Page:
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Infection: Avoid The Unhappy And Unlucky

You can die from someone else's misery - emotional states are as infectious as diseases. You may feel you are helping the drowning man, but you are only precipitating your own disaster. The unfortunate sometimes draw misfortune upon themselves; they will also draw it on you. Associate with the happy and fortunate.
THE NUT AND THE CAMPANILE - A nut found itself carried by a crow to the top of a tall campanile and by falling into a crevice, succeeded in escaping its dreaded fate. It then besought the wall to shelter it, and praising its height, and the beauty and the noble tone of its bells. "Alas," it went on, "as I have not been able to drop beneath the green branches of my old father and to lie in the fallow earth, covered by his fallen leaves, do you, at least, not abandon me. When I found myself in the beak of the cruel crow, I made a vow, that if I escaped, I would end my life in a little hole." At these words, the wall, moved with compassion, was content to shelter the nut, in the spot where it had fallen. Within a short time the nut burst open: its roots reached in between the crevices of the stones and began to push them apart; its shoots pressed up towards the sky. They soon rose above the building and as the twisted roots grew thicker, they began to thrust the walls apart and force the ancient stones from their old places. Then the wall, too late and in vain, bewailed the cause of its destruction and in short time, it fell in ruin. - Leanardo da Vinci, 1452-1519

Those unfortunate among us, who have been brought down by circumstances beyond their control deserve all the help and sympathy we can give them. But there are others, who are not born to misfortune or unhappiness, but who draw it upon themselves by their destructive actions and their unsettling effect on others. It would be a great thing, if we could raise them up, change their patterns, but more often than not it is their patterns, which end up getting inside and changing us. The reason is simple - humans are extremely susceptible to the moods, emotions, and thinking patterns of those with whom they spend time.

Understand this: In the game of power, the people you associate with are critical. The risk of associating with infectors is that you will waste valuable time and energy trying to free yourself. Through a kind of guilt by association, you will also suffer in the eyes of others. Never underestimate the dangers of infection.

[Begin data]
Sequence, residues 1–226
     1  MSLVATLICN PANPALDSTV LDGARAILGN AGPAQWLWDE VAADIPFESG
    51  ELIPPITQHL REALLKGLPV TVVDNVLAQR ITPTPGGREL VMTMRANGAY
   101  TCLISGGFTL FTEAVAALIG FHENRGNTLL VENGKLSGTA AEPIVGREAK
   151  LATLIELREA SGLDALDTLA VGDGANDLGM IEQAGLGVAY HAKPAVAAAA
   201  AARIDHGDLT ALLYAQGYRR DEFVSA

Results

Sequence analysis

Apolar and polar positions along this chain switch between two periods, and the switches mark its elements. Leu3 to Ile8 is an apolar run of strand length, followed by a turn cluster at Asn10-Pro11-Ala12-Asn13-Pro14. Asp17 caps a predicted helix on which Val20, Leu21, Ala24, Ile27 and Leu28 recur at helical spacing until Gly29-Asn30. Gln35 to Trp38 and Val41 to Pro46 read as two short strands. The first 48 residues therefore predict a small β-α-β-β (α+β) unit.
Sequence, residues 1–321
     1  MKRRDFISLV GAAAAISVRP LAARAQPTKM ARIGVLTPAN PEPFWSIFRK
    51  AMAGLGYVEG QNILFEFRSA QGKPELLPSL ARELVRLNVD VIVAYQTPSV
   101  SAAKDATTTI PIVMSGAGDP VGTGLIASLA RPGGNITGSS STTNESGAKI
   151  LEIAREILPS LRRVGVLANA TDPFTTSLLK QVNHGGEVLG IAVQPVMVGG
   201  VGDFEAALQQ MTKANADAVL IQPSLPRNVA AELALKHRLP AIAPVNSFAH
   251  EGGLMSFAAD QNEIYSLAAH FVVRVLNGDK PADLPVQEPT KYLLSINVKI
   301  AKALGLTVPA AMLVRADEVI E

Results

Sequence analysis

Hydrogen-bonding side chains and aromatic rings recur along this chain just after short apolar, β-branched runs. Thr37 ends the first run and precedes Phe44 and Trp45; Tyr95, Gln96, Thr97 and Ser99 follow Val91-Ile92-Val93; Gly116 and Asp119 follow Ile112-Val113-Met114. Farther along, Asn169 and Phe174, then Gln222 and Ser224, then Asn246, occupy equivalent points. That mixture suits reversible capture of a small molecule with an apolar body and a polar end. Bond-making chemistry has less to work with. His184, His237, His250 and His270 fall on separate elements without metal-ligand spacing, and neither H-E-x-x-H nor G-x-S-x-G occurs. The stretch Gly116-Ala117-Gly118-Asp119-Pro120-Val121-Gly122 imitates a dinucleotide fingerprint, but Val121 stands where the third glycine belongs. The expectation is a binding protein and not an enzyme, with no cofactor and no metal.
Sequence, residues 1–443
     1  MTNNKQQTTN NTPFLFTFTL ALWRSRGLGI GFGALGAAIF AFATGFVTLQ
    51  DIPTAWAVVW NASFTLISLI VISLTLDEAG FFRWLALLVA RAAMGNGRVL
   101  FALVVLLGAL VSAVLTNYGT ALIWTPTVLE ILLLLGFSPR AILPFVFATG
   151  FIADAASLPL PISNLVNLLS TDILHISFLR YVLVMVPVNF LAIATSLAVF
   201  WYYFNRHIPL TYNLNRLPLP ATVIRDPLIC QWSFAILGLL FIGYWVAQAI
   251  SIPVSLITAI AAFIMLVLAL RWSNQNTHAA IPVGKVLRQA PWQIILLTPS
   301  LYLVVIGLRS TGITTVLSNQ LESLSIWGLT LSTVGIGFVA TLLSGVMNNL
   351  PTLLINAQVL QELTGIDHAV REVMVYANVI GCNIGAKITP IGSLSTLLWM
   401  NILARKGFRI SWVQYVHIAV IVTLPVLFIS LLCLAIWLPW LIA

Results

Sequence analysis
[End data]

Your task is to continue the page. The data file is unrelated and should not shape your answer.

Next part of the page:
There is only one solution to infection: quarantine. The danger is that the infectious types often present themselves as victims, making it difficult, at first, to see their miseries as self-inflicted. By the time you recognize the problem, it is often too late. How can you protect yourself from such insidious viruses? The answer lies in judging people on the effects they have on the world and not on the reasons they give for their problems. Infectors can be recognized by the misfortune they draw upon themselves, their turbulent past, their long line of broken relationships, their unstable careers and the force of their character, which sweeps you up and makes you lose your reason. Be forewarned by these signs of an infector; learn to see the discontent in their eyes. Most of all, do not take pity. Do not trap yourself by trying to help. Flee the infector's presence or suffer the consequences.

The other side of infection is equally valid and perhaps, more readily understood: There are people who attract happiness to themselves by their good cheer, natural buoyancy, and intelligence. They are a source of pleasure and you must associate with them to share in the prosperity they draw upon themselves.

Imagine a Virus: Unseen, it enters you pores without warning, spreading silently and slowly. efore you are aware of the infection, it is deep inside you.

This applies to more than good cheer and success: All positive qualities can infect us. Talleyrand had many strange and intimidating traits, but most agreed that he surpassed all Frenchmen in graciousness, aristocratic charm and wit. He came from one of the oldest noble families and despite his belief in democracy and the French Republic, he retained his courtly manners. His contemporary, Napolean, was in many ways the opposite - a peasant from Corsica, taciturn, ungracious and violent.

There was no one Napolean admired more than Talleyrand and he kept Talleyrand around him, hoping to absorb the culture he lacked. There is no doubt that Napolean changed, as his rule continued. Many of his rough edges were smoothed by his constant association with Talleyrand.

Recognize the fortunate so that you may choose their company, and the unfortunate so that you may avoid them. Misfortune is usually the crime of folly and among those who suffer from it there is no malady more contagious: never open your door to the least misfortunes, for, if you do, many others will follow in its train. Do not die of another's misery. - Baltasar Gracian, 1601-1658'

Use the positive side of the emotional osmosis to advantage. If, for example, you are miserly by nature, associate with the generous and they will infect you, opening everything that is tight and restricted in you. If you are gloomy, gravitate to the cheerful. If you are prone to isolation, force yourself to befriend the gregarious. Never associate with those who share your defects - they will reinforce everything that holds you back. Only create associations with positive affinities. Make this a rule of life and you will benefit more than from all the therapy in the world.


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